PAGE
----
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Giants’ QB Daniel Jones knows the expectations that come with his new deal

The deal looks, at least for now, like a win-win for Giants and Jones

NFC Wild Card Playoffs - New York Giants v Minnesota Vikings Photo by Stephen Maturen/Getty Images

Daniel Jones took his agents, and some family members and friends out to dinner Tuesday night after signing his new four-year, $160 million contract with the New York Giants.

He knew what the expectation was.

“I picked up the tab,” he said.

Jones also knows that is just the beginning of the expectations that will come with his new deal.

“I’ve always felt that responsibility playing this position, especially fore a team like the New York Giants in this city. You have that responsibility and I take that very seriously,” Jones said. “It certainly doesn’t change. I certainly do feel that and it’s my goal to earn that every day — in the offseason when we’re preparing for the season and then when we get to the season doing my best preparing this team to win games and put us in a position to do that.”

Jones is coming off the best season of his four-year career. He led the team to a 9-7-1 regular season record, won a playoff game, set career bests in yards passing, completion percentage, interception percentage, rushing yards and passer rating. He led four fourth-quarter comebacks and five game-winning drives.

Most importantly, he proved to a skeptical first-year general manager and head coach that they did not need to look elsewhere for a franchise quarterback.

Jones called the Giants organization a “special place ... a special organization to be a part of.”

“I wanted to find a way to work it out,” Jones said. “That was very much my mindset, and I’m glad we did.”

He said he was in the Giants’ facility and that it was precisely 3:53 p.m., seven minutes before the deadline, when his agents at Athletes First informed him a deal had been struck.

Via Spotrac, Jones’ deal breaks down like this:

The contract includes $82 million in guaranteed money. There is a $19 million 2023 cap hit and a $45 million cap hit in 2024, when the salary cap his expected to rise from $224.8 million to a projected $256 million.

The Giants are protected because they can get out of the contract after two seasons if they choose by taking an $18 million dead money hit in 2025 and saving $21.5 million, or in 2026 by taking a $9 million dead money hit in 2026 and saving $47.5 million.

Jones, of course, gets $82 million guaranteed and an average annual value that puts him in the top tier of quarterback salaries.

“You’re not going to get everything you want in a negotiation. Rarely is that ever going to happen,” said Giants GM Joe Schoen. “I think that goes for both sides. There was give and take ... at the end of the day each side had to give a little bit. That’s why it went down to the wire.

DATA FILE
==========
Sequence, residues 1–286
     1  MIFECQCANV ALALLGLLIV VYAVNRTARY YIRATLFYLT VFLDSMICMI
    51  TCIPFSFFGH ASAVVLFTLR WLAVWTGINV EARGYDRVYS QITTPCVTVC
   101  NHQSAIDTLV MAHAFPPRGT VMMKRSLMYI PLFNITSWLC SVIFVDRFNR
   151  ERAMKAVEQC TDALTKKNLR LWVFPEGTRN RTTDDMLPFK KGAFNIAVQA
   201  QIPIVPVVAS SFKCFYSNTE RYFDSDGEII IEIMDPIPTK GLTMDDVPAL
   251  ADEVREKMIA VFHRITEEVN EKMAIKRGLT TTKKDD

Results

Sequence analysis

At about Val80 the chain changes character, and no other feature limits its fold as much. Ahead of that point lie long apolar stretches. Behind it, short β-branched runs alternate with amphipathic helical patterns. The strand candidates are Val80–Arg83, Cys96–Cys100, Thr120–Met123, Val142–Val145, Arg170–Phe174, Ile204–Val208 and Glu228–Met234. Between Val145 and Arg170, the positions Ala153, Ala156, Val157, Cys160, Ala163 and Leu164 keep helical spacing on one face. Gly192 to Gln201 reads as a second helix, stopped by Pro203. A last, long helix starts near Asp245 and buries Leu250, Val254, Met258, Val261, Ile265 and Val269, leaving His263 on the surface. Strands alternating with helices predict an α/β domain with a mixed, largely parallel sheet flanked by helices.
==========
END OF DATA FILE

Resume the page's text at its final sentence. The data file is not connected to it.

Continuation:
“We’re happy we were able to get it done.”

The Giants probably gave a little more financially than they had initially hoped to. For Schoen, though, the most important factor was getting a deal done without having to use the $32.416 million quarterback franchise tag.

“I wanted to know we had our quarterback here, and it wasn’t a franchise tag type deal,” Schoen said. “To me that was a worst-case scenario, putting the franchise tag on him. But I also knew I had that as a tool, so the deal had to make sense for the franchise both short-term and long-term. That’s what was important to me.

“I think both parties were happy at the end.”

Jones also said he was happy to have avoided the franchise tag.

“I think it’s better for the team. It gives us a little more flexibility, and that’s an important component to it,” Jones said. “I wanted to be here. I wanted to find a way to work it out so that it was good for both sides, and it worked. And it allowed us to have an opportunity to do what’s best for us going forward. So, I think that was a key component to it. I think we did that.”

Valentine’s View

The Giants would not have made this deal with Jones, which is based more on what they think he can do for them going forward than it is on his past performance, if Schoen and coach Brian Daboll did not think they could win a Super Bowl with Jones.

“Yeah, yeah, I mean that’s the goal, everybody’s goal is to win a Super Bowl,” Schoen said. “The coaching staff has confidence in him. As an organization we have confidence in him. We’re going to continue to build the team around him. That’s [the Super Bowl] the ultimate goal.”

Whether or not Jones and the Giants ever get to that promised land is to be determined. Right now, though, the deal plays as a win-win for the Giants and Jones.

Jones gets paid. He gets to stay in the place he wanted to be, with the only NFL team he has played for. He gets to do that in 2023 without facing another prove-it season that would leave his future in doubt.

The Giants get the quarterback they wanted, and they get some financial flexibility after avoiding using a tag that would have crippled their ability to upgrade the 2023 roster. They also get some wiggle room to extricate themselves from the contract a couple of years down the road should it not pan out.

Now, we just wait to see if Schoen and Daboll are able to continue adding pieces around their quarterback, and how this all plays out over the next couple of seasons.